Liked by 1 person

  • Nadine C. Keels

    Interesting blog post. It’s stuff I also think about these days. 🙂

    This may be a technical, commercial, or even a rather American response. But a key part of the issue is that “Christian fiction” is a marketing term, meant to help consumers find what they’re looking for. As far as I can tell, it’s also a pretty modern term, in a way, as Christian religious literature predates the Christian fiction genre as we now know it.

    And Christianity isn’t the only faith that has corresponding fiction, of course. There’s also Jewish fiction. There’s Muslim fiction. Likely fiction of other religions that I could find if I searched for them. 😀 If a consumer is looking for fiction written and marketed with Christian intent, searching for “religious fiction” wouldn’t narrow down the choices enough. Hence, the label for specifically “Christian” fiction. And, yes, ChristFic is a rather recognized genre in the US, pretty easy to find, but is that the case in many other countries, especially ones that aren’t predominantly Christian? I tend to think that Christian Fiction may not only be a marketing term but a fairly American (or at least Western) one at that. If anyone reading this knows otherwise, please let me know!

    But again, the genre helps people find what they’re looking for. Like, if a place of worship is called a synagogue, a mosque, or a church, the specific designation helps different people know where to go to get what they want–or where not to go if it’s not what they want.

    I do think that, for the most part, Christian fiction published, labeled, and marketed as such is mainly meant to attract Christians, or people with some interest in Christianity, just like churches mainly attract Christians. I don’t think it’s a bad thing for Christians to have a genre of fiction that’s mainly for them any more than I think it’s bad for women to have women’s fiction, or for doctors to have medical books, or what have you. There may not be a whole lot of men who’ll enjoy chick lit novels, or a whole lot of fashion designers who’ll enjoy medical texts. Countless books will only reach or please a specific audience for the most part, and that’s okay.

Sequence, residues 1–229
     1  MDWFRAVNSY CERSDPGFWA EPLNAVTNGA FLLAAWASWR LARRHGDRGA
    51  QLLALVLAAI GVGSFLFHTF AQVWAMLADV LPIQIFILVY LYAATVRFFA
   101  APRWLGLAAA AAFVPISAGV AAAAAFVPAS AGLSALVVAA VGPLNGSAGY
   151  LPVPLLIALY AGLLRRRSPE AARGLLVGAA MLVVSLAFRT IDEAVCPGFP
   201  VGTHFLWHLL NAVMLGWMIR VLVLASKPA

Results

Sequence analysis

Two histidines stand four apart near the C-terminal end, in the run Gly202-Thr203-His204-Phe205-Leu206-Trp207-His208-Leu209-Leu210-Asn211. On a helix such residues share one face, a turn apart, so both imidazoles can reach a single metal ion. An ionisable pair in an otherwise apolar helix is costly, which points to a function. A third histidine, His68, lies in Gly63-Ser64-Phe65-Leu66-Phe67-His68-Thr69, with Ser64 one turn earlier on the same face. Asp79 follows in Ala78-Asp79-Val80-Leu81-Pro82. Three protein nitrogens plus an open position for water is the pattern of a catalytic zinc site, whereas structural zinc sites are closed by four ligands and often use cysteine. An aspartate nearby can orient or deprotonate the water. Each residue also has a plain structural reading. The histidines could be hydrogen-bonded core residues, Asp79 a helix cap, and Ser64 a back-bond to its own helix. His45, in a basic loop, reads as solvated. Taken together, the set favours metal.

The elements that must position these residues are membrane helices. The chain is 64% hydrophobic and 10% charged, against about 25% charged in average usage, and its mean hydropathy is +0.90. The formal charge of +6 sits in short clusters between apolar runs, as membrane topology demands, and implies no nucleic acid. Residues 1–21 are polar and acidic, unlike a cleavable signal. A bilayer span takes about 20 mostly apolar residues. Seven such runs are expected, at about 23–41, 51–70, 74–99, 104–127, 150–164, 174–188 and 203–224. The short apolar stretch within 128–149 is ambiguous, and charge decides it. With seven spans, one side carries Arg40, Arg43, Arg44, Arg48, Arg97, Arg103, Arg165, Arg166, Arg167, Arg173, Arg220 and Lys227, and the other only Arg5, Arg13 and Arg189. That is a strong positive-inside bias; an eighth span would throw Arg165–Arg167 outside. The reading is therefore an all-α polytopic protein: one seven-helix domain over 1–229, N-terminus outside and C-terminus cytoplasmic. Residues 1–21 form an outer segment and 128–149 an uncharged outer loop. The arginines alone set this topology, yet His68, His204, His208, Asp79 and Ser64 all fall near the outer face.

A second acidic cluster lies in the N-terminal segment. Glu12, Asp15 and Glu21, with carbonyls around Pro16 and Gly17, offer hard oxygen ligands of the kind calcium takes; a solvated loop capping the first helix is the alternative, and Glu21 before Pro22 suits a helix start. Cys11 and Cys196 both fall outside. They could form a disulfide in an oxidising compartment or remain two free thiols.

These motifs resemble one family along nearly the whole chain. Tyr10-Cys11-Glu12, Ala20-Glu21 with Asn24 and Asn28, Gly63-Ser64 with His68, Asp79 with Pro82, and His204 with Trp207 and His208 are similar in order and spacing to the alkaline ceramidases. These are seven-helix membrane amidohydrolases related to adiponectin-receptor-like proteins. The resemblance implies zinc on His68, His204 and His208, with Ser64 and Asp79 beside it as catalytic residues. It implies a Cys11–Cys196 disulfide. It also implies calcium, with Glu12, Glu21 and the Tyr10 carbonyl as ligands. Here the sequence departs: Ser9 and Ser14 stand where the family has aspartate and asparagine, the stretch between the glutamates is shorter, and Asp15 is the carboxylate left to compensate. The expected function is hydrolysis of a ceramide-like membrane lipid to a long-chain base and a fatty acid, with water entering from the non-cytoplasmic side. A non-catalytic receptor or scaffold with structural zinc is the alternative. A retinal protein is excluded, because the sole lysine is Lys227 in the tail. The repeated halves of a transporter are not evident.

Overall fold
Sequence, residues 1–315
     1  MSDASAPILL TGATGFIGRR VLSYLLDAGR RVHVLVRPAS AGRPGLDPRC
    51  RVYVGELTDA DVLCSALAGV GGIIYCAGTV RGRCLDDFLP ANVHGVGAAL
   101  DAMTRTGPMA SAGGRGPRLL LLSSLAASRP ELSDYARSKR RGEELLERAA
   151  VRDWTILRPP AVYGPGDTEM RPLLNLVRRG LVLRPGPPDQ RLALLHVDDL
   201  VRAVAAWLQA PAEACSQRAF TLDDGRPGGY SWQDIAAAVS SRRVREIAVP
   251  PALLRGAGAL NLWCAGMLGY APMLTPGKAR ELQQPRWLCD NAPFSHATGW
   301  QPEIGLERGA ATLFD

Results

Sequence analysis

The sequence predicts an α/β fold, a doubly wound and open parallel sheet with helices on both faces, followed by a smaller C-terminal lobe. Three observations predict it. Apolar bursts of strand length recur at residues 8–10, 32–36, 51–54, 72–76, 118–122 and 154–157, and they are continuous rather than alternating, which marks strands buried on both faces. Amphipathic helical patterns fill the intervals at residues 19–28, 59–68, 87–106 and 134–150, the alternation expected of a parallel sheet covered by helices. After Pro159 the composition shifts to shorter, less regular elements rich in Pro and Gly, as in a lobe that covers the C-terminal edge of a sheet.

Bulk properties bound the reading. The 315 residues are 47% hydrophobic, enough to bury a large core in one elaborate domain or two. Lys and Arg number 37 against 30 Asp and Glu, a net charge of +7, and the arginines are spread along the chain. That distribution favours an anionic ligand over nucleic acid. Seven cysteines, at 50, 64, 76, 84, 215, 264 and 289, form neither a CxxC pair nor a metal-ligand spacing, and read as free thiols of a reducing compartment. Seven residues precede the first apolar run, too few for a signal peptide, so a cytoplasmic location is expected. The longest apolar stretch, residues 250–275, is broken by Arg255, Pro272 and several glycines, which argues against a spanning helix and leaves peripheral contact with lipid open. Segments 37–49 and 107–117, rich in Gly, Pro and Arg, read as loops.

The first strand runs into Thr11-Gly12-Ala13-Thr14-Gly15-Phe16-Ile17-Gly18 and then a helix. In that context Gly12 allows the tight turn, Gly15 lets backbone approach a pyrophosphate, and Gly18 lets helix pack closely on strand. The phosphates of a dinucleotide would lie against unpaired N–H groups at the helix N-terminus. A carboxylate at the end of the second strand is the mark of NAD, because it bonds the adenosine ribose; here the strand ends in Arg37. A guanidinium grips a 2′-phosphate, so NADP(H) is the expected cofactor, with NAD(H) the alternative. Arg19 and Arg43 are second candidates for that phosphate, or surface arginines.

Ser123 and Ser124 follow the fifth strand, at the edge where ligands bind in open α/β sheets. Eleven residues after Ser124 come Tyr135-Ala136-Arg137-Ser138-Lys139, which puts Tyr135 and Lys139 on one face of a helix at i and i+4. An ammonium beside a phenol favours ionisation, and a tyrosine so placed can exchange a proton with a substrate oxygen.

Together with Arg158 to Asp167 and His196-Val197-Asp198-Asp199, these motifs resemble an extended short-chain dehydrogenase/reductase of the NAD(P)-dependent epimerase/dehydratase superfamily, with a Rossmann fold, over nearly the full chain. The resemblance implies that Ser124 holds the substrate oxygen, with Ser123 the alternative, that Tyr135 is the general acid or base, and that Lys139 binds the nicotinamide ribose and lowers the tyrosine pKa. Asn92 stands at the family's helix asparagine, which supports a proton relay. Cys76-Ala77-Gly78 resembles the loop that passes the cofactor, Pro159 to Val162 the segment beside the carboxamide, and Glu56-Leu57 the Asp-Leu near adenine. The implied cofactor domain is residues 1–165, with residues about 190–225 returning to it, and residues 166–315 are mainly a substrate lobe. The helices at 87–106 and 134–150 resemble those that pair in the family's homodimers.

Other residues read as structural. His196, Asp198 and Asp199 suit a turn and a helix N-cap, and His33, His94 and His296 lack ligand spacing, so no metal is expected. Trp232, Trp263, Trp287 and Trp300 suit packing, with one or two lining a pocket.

I also don’t think the existence of the Christian fiction genre has to limit Christians to only write for a Christian audience. Yes, some fiction authors who are Christians publish exclusively Christian fiction, genre wise. But other Christian authors write for the general market, and some write for both Christian and general markets.

    Of course, sometimes publishers’ parameters come into play, as a Christian publisher may reject a work that doesn’t meet their Christian criteria, or a secular publisher may reject a work that hinges on Christianity. Again, it’s part of a marketing issue, as publishers pick what they think will sell best to the target audience they’re trying to reach. That sometimes determines whether a Christian author’s work is going to be published as Christian fiction or not.

    Anywho. Didn’t mean to write a whole blog post in response to your post. 😀 Though I’ve loved books all my life, I still feel pretty new to pondering genre this way. So, yes, I find the topic interesting.

    Liked by 1 person

    • leeduigon

      Welcome aboard, Nadine, and thank you for your interesting comment.
      I understand the convenience of the label, “Christian Fiction.” But I was thinking of it much more from a writer’s point of view than any other.

      Liked by 1 person

  • thewhiterabbit2016

    Look how the Narnia and Rings stories have influenced people without being sold as “Christian,” Write material inspired by the Holy Spirit, the geatest muse of all.

    Liked by 1 person